Why Your Company Needs A Collective Voice
The most forward-thinking companies are increasingly focused on building better employee satisfaction and, in turn, retaining their best talent. These progressive companies are also embracing the notion of having a collective voice. This gives the entire organizational chain influence over business decisions so more people on the ground floor are heard, and leadership gains a better understanding of daily operations.
What Exactly is a Collective Voice?
The idea of a collective voice may at first glance seem cumbersome -- just how do you handle getting people from varying backgrounds with different needs and different ideas on the same page?
Well, it’s not necessarily about letting the janitor into the boardroom to help make decisions about company direction, nor is it about setting up a union that demands good healthcare and adequate wages. It’s about recognizing the overarching values that permeate throughout the work your company does and letting them dictate how the organization progresses and evolves.
In fact, it’s likely that the foundation of your company’s collective voice already exists. But without its cultivation, your organization won’t realize its full benefits.
According to researchers, the traditional model of senior executives making carte blanche (and sometimes even arbitrary) decisions for mid- and entry-level workers often leads to employees feeling disengaged and undervalued. Employee disengagement is a big deal to your company’s bottom line. Studies show that organizations that make it a top priority to keep engagement scores high have better customer engagement, better productivity, and gain 21% more profits than those that don’t.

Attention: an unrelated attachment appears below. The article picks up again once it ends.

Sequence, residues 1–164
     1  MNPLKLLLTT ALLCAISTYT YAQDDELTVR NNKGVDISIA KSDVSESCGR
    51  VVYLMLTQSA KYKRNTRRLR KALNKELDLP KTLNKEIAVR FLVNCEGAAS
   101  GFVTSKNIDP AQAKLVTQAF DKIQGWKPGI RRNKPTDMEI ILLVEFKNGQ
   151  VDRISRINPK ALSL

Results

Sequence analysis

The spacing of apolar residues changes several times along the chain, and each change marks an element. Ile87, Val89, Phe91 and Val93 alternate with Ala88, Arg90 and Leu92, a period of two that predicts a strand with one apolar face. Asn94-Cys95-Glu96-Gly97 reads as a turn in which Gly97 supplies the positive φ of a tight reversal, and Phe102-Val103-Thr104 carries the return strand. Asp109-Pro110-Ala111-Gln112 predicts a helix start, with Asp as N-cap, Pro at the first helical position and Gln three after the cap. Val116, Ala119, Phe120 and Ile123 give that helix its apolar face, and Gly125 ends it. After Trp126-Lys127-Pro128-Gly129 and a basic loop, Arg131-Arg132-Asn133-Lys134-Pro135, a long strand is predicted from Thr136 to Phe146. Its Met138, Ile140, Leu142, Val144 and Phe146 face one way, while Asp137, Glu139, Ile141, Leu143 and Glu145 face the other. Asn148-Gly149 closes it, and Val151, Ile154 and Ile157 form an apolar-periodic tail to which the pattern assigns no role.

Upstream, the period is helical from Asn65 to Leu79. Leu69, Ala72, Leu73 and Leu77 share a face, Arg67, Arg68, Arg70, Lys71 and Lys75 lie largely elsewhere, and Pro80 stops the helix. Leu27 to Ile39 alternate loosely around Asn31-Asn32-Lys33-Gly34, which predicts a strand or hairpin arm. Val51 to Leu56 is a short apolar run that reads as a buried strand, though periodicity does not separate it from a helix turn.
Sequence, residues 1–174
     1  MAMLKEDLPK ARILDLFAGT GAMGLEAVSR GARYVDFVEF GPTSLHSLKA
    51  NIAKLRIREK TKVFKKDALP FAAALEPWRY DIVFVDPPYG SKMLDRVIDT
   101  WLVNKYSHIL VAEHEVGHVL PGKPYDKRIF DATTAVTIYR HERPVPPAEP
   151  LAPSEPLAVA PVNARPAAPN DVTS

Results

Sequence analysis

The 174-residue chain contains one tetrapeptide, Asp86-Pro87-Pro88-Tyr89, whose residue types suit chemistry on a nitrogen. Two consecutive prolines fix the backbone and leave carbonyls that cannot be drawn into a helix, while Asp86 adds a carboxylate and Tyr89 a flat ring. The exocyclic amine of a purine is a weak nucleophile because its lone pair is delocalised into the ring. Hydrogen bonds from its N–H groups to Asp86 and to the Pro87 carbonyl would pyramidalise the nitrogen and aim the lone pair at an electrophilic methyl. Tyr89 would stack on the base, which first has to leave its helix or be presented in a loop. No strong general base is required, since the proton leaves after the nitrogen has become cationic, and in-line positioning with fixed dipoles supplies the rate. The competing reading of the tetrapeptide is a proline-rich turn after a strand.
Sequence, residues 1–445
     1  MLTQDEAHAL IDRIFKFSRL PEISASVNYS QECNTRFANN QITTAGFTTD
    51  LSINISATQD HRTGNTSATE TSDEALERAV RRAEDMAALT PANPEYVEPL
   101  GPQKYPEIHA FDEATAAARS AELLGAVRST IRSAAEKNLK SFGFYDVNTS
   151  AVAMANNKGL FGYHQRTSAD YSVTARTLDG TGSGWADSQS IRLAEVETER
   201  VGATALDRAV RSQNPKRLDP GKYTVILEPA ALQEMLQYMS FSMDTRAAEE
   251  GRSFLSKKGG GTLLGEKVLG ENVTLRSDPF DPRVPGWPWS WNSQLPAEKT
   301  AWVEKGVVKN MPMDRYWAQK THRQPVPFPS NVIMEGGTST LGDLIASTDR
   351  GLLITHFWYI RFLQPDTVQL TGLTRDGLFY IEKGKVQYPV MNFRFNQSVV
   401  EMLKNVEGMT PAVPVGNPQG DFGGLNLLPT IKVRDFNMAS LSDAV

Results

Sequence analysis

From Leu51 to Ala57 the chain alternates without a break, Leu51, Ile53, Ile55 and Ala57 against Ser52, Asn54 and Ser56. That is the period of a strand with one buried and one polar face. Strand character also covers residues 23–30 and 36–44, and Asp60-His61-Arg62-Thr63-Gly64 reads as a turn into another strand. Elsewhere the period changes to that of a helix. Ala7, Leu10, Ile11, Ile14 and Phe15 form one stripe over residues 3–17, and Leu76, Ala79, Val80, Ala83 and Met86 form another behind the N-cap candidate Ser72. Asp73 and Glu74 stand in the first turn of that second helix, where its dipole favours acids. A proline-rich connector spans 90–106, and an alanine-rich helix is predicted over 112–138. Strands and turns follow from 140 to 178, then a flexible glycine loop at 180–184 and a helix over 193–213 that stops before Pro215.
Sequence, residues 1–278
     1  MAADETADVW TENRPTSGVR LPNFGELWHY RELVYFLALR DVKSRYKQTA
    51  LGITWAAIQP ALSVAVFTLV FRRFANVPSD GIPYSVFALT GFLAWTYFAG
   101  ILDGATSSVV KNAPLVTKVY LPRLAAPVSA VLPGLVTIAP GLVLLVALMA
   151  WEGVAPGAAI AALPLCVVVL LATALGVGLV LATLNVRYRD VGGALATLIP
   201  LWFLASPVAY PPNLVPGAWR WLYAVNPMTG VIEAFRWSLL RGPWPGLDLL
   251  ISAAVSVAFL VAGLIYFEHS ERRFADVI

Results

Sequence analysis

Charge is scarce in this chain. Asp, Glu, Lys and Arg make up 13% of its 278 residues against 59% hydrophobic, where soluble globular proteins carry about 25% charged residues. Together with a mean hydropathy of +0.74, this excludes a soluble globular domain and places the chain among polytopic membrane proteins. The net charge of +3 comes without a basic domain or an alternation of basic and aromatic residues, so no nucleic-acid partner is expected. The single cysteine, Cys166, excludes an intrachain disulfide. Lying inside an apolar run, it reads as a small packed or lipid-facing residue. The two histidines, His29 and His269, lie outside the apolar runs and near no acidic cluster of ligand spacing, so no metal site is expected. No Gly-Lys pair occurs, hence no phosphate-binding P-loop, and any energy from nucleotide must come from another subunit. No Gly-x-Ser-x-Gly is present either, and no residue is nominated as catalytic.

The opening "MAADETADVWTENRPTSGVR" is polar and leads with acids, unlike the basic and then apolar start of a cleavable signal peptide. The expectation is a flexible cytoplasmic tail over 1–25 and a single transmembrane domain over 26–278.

What’s so valuable about the collective voice model is that it typically provides win-win advantages for both employees and employers. On one hand, employees gain more ownership over their work, and on the other, leadership realizes better quality work and higher profitability.
How to Build Your Organization’s Collective Voice
It starts with listening — not just with surveys or focus groups, but truly listening. We at David Couper Consulting teach heart-centered listening, which means that we listen to not only what people are saying, but what they are not saying. They may be smiling and saying, “everything is fine,” but their heart is breaking over their teenager, or they may be angry about the way their boss treated them last week or frustrated with their pay.
In the end, it’s all about listening and creating an environment which allows workers to communicate freely. Some executives believe that leadership should offer a variety of different outlets to gain input from their employees, such as one-on-one meetings, anonymous surveys, and 360-degree feedback and peer recognition programs.
Here are 3 tips on implementing a collective voice in your organization.
#1 -- Build Bridges, Not Walls
One of the biggest obstacles to a fully-realized collective voice is poor communication and collaboration between different parts of an organization – labor/management, physicians/administration, patients/providers. It’s unfortunate that embedded in American work culture are lines drawn in the sand between these partnerships which desperately need each other for businesses to succeed.
It has been proven time and again that when employee and employer relationships are strong, businesses thrive. Usually, all it takes is leadership that is willing to listen and have empathy. Studies show open empathic communication can help reduce employee turnover by almost 60%; it even makes workers almost five times more likely to do their best work.